Steve Harvey on Money and Relationships

How can a relationship really survive for richer or poorer?

ByGARY WYNN via logo
September 9, 2009, 12:32 PM

Sept. 10, 2009 — -- As one of the best-known comedians on the planet, Steve Harvey knows a little something about how money can put a stress on your life and on your relationships.

"My life was crazy for a long time," said Harvey, who has been married three times. "I love the idea of being married. Now have I blown it? Yeah."

Do you have a relationship question? Ask Steve Harvey!

Now living with his third wife Marjorie and with seven children between them, Harvey said it took him time to "learn that my wife was an individual."

"And because I'm the main breadwinner in the house, I can't come in and treat her like a child. She's an adult. She's as big a part of this family as I have," he said.

But the stress Harvey felt between love and money is a common one.

Toni Langdon, 32, and Wayne, 38, from West Chester, Pa., feel like they don't communicate well enough about their money. Toni is a stay-at-home mom for their six-month-old child and says that since Wayne handles all the finances, she's out of the loop.

According to Harvey, couples should separate some money to give each individual independence, but spend and save jointly on necessary things.

"Every couple should have four bank accounts," Harvey said, two individual spending money accounts and two joint accounts for essential spending and saving. The savings account, he said, should require two signatures to move the money.

"I think that sounds like a great idea," Wayne said.

Leon Thomas, 32 and Cameo, 28, of Detroit, Mich., have three kids under five years old.

Leon has been unemployed for three months and Cameo is still in nursing school. The couple is struggling to cut back and sometimes argue about how to spend the money they have. Cameo doesn't mind cutting back on herself, but she refuses to change the way they spend on the kids.

Steve Harvey's Advice On Money: Cut Back

"We got the kids accustomed to getting what they asked for," Cameo said.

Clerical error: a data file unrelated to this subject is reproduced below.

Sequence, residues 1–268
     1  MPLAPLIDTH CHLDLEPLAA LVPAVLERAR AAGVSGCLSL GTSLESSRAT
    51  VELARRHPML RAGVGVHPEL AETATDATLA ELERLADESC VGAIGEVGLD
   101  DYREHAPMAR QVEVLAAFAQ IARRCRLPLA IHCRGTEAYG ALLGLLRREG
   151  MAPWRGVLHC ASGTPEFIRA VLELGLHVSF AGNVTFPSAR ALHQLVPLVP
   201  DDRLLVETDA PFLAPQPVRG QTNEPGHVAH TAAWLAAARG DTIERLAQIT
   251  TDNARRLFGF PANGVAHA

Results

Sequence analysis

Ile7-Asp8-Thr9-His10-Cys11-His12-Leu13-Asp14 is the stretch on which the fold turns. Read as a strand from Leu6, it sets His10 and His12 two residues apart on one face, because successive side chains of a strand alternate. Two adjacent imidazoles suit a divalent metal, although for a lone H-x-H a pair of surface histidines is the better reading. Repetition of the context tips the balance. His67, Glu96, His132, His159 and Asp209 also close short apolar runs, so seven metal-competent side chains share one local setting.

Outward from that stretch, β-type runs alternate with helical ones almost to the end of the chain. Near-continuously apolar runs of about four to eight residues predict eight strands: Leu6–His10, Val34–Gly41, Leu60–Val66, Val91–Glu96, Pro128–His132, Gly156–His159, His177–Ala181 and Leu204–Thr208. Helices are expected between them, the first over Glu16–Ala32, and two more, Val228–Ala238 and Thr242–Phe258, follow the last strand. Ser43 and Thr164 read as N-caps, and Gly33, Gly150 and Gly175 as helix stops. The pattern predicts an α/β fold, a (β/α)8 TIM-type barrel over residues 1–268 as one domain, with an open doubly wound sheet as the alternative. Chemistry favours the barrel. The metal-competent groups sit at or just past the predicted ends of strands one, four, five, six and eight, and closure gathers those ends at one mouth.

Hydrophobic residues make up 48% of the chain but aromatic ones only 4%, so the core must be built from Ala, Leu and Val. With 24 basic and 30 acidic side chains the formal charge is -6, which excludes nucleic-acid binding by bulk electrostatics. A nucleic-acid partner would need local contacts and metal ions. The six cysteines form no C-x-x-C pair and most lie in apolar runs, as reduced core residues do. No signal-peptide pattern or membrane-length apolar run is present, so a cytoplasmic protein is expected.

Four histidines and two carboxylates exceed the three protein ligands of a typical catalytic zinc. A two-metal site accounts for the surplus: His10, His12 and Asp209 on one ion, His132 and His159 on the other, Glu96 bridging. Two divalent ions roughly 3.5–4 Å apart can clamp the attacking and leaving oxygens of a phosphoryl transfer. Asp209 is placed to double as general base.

Harvey's advice on this one is simple: "Everybody's gotta participate in the cut back," he said.

"Ever heard the slogan save money, live better? The severance pay is not going to last forever... come on now, you don't see that the kids need to pitch in?" he said.

Don, 60, and Cyd Evanowski, 54, from Grosse Pointe, Mich., are dealing with a shuffle of power just as their 17 year-old daughter starts college.

Don retired from Chrysler a year and a half ago. He has a pension but now works with Cyd at her store "Brides To Be."

"I've had my company for 30 years... my company was doing beautifully," Cyd said. But then just days after Don retired, "he started working for me.

"He, in this female, estrogen environment, is the only man," Cyd said. But the real problem is that they're both having trouble adjusting to the idea that after more than 30 years, Cyd is now the couple's breadwinner.

"What you've got to understand about a man is who he is, what he does and how much he makes defines him," Harvey said. "The who he is now is the employee of his wife. The what he does is he works at a girls' store for brides company... This is an ego problem here more than a finance problem. He didn't sign up to be the lesser. He signed up to be your husband and your man."

And while Cyd said she expected Don to do more in the role reversal, such as help out more around the house, Harvey said that wasn't part of the deal.

"Well I didn't sign up to be the bread winner," Cyd said.

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